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Large SUVs are popular because of their size and versatility. They allow you to pack a fairly large family and all of their sports equipment and backpacks into one vehicle and hit the road. They can be great for towing moderately-sized equipment and toys, and they’re usually pretty stylish. Yet there’s a dark side to big SUVs, too (and not just their fuel economy). Large SUVs hit pedestrians when turning “often,” according to the Insurance Institute for Highway Safety (IIHS). That’s a pretty frightening fact. 

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Large SUVs hit pedestrians “often” hit pedestrians while turning

According to the IIHS, large SUVs (and other big vehicles) are “substantially more likely than cars to hit pedestrians when making turns…” The IIHS theorizes that this means that large SUVs don’t have the same visibility as smaller vehicles. They cannot see pedestrians crossing as clearly as smaller SUVs and cars.

As if it’s not bad enough that large SUVs are hitting pedestrians more than other vehicles, they’re causing more damage when they do. Part of the reason for this is that the front of large SUVs is lined up with some pretty vulnerable parts of the human body. That means that when there is a collision, injuries tend to be more grievous.

Jessica Cicchino, Vice President of Research at the IIHS says, “The link between these vehicle types and certain common pedestrian crashes points to another way that the increase in SUVs on the roads might be changing the crash picture.”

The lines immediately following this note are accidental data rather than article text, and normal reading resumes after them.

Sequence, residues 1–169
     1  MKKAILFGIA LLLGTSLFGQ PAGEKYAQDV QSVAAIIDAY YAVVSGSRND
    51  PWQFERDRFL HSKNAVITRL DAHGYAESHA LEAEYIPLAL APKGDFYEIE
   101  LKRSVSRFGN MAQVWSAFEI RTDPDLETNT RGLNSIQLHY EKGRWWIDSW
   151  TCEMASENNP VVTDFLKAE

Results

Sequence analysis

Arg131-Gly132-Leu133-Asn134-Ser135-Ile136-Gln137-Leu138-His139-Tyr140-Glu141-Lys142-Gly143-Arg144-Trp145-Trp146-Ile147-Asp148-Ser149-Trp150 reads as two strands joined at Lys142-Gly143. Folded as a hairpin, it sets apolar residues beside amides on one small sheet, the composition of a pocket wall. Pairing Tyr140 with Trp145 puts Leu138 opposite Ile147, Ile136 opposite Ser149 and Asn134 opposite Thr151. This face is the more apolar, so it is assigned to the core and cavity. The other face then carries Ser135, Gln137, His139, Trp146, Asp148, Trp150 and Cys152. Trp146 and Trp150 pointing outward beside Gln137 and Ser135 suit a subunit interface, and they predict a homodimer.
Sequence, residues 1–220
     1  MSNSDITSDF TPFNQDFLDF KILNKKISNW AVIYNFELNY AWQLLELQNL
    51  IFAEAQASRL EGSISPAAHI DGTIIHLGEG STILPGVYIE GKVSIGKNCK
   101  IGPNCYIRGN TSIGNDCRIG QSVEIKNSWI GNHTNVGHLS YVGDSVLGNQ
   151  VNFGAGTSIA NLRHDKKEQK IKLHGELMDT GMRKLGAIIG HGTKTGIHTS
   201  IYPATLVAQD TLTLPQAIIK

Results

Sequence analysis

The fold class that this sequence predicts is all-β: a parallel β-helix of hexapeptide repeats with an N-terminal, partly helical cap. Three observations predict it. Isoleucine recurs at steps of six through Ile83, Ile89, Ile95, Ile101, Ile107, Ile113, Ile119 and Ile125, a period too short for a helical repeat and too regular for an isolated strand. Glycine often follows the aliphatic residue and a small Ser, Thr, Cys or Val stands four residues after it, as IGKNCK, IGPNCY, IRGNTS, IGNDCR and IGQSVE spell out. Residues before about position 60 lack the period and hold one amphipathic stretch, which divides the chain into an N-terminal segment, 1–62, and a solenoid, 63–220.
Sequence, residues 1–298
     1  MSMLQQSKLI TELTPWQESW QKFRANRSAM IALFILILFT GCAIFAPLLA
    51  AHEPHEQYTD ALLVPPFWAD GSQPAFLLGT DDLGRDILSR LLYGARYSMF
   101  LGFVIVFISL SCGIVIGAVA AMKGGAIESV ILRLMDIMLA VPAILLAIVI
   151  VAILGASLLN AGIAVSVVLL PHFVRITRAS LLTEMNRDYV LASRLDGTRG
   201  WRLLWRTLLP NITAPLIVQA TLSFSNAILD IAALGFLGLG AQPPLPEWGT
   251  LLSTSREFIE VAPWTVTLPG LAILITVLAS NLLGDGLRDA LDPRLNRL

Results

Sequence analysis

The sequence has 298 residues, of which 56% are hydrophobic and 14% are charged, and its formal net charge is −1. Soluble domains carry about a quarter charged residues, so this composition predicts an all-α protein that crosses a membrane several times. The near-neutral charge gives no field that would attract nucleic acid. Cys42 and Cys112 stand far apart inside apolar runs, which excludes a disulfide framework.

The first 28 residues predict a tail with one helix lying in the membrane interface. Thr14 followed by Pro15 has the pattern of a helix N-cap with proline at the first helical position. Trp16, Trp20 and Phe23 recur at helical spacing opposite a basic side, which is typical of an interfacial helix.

The IIHS study shows how dangerous large SUVs can be

Only 2 SUVs Are Safe Enough for the IIHS In 1 Vital Way

The IIHS study looked at accidents between one car and one pedestrian at locations like intersections. Then it studied the types of vehicles involved. The IIHS found that the number of pedestrian deaths that ocurred because an SUV was turning left (versus not turning at all) was twice as high for SUVs as it was for cars. It was also three times as high for minivans and vans, and four times as high for pickup trucks.

In addition, the chances that a pedestrian was killed by an SUV turning right was 63% higher for SUVs than it was for cars, and 89% higher for pickup trucks than cars. The IIHS says that these types of accidents caused more than 900 pedestrian deaths.

Pedestrian deaths are on the rise

2009 marked a low point of pedestrian deaths, but since then numbers have increased every year. In fact, pedestrian deaths are up 59% until more than 6,500 people died in 2020. On top of that, 54,700 pedestrians were injured in 2020, an astonishing amount. This dramatic rise in pedestrian injuries and death may be linked to the growing size of SUVs and trucks.

IIHS Senior Transportation Engineer Wen Hu says that it’s possible the design of larger vehicles accounts for some of the pedestrian deaths. He says, “It’s possible that the size, shape or location of the A-pillars that support the roof on either side of the windshield could make it harder for drivers of these larger vehicles to see crossing pedestrians when they are turning.”

So how can larger SUVs and other vehicles become safer for pedestrians? Hu says, “Improving vehicle design, along with addressing road infrastructure and vehicle speeds, can play an important part in reducing pedestrian crashes and fatalities.”

Other things that may help are advanced safety systems like automatic emergency braking that detects pedestrians, hood airbags, automatic-popping hoods on impact, and design changes to the hood resulting in more sloped hoods. No matter which steps are taken, it’s clear that something needs to be done to reduce the dangers of large SUVs to pedestrians.


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